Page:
The latest British Chamber of Commerce (BCC) Burdens Barometer has shown that the cost to British business of implementing major regulations has risen by almost a third since 2004.
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The Barometer, which tracks the cost of 46 major regulations introduced since 1998, shows that the total cost of regulations now stands at £39bn, or more than £15m annually.
The Burdens Barometer is extracted from the BCC’s database of over 1,000 Government Regulatory Impact Assessments that evaluate the risks, costs and benefits of any new regulatory proposal. These show the government’s own estimates of the compliance costs of new regulations affecting business up to 1 July 2005.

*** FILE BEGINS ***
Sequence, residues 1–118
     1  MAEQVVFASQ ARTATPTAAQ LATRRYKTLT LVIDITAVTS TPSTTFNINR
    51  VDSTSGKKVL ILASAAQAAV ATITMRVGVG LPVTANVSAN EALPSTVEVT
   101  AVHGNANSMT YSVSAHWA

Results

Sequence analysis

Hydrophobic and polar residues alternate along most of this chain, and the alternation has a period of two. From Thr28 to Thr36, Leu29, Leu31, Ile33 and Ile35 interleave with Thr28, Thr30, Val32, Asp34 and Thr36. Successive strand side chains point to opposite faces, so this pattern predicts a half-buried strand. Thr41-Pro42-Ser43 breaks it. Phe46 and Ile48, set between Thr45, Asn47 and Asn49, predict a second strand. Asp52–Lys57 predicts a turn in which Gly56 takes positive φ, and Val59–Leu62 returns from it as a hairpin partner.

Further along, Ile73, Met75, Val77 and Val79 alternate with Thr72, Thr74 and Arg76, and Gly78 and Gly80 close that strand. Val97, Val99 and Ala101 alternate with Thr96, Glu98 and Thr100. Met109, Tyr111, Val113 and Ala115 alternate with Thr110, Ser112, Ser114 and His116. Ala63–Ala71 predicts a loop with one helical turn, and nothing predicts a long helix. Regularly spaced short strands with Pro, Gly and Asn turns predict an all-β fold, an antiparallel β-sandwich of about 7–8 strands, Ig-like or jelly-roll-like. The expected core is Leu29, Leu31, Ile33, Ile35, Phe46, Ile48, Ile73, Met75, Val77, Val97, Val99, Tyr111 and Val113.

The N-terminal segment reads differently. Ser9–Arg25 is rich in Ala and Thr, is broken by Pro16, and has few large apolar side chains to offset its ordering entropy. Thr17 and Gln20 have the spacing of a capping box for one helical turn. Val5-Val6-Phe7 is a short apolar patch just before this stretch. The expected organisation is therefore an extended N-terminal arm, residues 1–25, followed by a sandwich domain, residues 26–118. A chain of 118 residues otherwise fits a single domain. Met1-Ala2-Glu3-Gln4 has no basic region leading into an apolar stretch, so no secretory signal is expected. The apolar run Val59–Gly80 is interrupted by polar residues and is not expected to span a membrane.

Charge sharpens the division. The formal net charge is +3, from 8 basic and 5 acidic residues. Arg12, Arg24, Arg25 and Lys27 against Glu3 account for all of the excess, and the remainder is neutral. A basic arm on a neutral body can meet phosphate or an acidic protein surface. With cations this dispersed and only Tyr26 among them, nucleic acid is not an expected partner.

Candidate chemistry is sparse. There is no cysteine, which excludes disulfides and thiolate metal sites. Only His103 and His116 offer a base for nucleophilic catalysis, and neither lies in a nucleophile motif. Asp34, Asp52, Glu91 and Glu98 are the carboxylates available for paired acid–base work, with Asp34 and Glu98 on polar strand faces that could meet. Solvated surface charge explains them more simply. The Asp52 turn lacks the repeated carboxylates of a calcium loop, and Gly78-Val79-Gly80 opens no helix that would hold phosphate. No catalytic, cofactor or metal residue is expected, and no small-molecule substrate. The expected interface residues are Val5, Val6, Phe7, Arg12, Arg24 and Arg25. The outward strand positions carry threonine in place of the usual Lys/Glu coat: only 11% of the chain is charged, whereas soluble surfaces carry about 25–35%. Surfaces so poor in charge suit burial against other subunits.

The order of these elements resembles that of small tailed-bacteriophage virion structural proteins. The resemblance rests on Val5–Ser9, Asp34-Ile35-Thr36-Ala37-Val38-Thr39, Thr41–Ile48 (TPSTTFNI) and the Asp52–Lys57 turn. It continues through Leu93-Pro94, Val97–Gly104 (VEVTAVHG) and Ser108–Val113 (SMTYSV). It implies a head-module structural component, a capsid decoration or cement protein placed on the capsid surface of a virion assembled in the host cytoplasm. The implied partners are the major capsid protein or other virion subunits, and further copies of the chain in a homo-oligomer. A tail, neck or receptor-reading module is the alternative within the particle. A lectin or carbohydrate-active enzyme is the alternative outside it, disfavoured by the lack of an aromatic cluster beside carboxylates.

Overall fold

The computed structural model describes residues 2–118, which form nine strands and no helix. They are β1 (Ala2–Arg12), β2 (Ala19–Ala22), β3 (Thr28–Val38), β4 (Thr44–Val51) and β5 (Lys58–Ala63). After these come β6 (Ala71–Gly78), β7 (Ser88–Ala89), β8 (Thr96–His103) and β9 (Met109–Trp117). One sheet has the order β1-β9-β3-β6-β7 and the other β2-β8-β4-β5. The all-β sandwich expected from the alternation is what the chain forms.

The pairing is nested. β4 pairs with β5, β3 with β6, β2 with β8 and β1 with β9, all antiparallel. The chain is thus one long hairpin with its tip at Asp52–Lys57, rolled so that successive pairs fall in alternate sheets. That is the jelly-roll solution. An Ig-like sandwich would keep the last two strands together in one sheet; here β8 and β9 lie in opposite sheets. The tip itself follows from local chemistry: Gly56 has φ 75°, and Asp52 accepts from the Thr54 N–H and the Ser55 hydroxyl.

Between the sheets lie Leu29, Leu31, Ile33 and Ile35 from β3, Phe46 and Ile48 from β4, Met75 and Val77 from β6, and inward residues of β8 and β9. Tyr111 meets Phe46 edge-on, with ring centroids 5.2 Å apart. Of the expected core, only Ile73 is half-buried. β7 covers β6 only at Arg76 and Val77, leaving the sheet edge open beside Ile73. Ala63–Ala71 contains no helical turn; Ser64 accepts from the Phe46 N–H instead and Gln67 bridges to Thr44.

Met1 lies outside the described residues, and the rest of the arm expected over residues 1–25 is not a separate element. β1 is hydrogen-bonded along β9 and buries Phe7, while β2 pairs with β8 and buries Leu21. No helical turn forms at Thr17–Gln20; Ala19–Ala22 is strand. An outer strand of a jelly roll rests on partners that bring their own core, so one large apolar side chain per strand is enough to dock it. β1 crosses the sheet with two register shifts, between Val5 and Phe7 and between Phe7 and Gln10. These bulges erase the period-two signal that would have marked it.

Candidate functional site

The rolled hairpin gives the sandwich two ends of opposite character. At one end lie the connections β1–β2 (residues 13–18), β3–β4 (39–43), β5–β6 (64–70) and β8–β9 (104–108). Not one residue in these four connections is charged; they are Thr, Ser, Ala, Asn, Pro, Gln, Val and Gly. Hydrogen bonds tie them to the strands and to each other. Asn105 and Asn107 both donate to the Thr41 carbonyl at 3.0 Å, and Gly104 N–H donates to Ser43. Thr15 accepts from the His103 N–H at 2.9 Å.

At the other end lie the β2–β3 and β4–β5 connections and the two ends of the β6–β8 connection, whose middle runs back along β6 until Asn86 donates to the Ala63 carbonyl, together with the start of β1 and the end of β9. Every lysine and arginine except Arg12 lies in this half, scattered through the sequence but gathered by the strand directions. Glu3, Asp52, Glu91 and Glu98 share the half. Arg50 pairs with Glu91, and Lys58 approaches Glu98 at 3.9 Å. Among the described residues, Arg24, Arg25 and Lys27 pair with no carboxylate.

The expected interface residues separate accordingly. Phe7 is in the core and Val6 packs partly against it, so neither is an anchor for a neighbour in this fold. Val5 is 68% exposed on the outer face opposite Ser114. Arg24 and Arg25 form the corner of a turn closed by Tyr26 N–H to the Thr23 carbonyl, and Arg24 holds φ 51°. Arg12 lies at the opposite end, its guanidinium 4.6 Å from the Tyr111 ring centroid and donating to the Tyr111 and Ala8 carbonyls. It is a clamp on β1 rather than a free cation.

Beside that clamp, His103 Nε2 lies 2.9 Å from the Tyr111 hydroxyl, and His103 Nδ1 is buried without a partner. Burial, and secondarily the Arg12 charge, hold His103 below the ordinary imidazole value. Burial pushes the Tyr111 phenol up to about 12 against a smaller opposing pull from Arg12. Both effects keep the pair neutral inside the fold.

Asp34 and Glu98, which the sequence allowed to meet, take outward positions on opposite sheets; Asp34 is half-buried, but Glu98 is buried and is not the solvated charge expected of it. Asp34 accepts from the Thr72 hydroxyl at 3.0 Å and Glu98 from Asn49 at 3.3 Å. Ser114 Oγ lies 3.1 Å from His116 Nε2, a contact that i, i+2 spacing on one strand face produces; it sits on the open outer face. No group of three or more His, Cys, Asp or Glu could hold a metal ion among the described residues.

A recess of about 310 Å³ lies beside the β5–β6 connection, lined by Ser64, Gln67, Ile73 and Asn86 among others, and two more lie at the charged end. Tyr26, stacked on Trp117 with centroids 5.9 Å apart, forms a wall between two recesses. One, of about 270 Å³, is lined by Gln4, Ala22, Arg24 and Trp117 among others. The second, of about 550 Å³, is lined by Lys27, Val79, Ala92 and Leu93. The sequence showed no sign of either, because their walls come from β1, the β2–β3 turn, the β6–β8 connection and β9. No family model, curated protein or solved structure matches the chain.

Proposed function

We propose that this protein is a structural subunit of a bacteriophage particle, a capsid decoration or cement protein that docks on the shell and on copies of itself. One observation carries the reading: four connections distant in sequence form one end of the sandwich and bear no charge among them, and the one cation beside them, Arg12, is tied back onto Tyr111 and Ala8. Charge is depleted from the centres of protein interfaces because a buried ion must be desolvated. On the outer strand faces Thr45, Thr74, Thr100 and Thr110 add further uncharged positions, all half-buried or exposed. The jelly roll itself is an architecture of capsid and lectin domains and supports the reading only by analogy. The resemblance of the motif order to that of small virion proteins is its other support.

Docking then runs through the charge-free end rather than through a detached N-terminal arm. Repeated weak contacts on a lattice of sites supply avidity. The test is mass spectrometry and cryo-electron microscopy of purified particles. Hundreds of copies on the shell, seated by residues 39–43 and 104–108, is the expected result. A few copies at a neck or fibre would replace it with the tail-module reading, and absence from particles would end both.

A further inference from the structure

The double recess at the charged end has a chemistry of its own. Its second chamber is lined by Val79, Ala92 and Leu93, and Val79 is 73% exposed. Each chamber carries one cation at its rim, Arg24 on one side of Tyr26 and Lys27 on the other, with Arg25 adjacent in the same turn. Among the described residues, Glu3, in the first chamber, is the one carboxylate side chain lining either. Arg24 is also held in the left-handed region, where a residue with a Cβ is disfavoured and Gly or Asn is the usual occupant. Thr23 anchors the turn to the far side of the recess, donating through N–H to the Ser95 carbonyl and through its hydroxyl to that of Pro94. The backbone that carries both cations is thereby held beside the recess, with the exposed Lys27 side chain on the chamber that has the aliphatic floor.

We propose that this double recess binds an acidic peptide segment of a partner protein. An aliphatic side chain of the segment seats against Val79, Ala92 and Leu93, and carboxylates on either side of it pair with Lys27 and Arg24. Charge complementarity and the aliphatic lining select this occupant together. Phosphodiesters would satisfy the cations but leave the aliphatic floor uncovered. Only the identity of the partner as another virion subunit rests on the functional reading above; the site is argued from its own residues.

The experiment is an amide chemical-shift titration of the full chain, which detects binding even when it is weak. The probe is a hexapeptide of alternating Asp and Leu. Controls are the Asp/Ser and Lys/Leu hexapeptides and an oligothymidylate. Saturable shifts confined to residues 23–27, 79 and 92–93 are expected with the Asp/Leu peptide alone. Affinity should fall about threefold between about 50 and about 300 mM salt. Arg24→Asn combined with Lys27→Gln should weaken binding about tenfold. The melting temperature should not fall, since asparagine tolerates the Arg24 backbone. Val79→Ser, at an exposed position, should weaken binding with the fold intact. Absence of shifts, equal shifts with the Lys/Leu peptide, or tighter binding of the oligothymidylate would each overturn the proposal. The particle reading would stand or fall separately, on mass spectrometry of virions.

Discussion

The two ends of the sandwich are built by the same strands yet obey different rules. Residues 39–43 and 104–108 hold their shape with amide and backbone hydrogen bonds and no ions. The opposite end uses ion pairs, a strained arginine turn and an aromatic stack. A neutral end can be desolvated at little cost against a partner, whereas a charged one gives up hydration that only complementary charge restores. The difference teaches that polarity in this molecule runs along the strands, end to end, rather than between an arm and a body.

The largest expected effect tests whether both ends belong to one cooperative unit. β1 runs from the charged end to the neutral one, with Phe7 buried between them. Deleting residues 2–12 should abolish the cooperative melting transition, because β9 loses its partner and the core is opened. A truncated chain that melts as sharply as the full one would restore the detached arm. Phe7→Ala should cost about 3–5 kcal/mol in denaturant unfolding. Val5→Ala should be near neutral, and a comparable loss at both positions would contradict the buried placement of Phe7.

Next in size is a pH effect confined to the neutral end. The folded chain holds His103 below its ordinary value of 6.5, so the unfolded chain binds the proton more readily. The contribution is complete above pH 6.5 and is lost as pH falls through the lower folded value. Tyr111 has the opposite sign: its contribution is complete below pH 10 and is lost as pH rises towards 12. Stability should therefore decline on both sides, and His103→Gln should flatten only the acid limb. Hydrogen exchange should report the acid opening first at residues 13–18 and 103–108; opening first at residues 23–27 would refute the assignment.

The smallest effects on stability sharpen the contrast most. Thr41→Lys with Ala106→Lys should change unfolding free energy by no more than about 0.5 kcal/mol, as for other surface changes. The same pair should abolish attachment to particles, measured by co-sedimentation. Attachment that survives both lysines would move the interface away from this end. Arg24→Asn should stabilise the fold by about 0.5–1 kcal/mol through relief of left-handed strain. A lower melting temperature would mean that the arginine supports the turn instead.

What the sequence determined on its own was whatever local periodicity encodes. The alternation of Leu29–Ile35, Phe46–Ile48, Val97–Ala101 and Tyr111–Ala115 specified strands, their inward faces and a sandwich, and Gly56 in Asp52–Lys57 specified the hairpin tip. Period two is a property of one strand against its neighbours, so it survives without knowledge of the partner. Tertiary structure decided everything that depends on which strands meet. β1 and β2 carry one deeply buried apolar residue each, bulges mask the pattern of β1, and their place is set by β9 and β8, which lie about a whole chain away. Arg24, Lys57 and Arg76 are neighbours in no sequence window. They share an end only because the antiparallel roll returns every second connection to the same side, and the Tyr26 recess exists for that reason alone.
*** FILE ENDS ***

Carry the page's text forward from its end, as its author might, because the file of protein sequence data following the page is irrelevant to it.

More than half of all RIAs claim that new regulations provide benefits to businesses or other parties, but less than a quarter quantify these benefits.
BCC director general, David Frost, said, “British businesses are fed up with the spiralling costs of regulation. Businesses must be free to compete in the global economy, and the government must ensure that new regulations are well targeted and business friendly. Unnecessary burdens are not a sustainable option.”
The Burdens Barometer is compiled for the British Chamber of Commerce by independent experts from the London and Manchester Business Schools.
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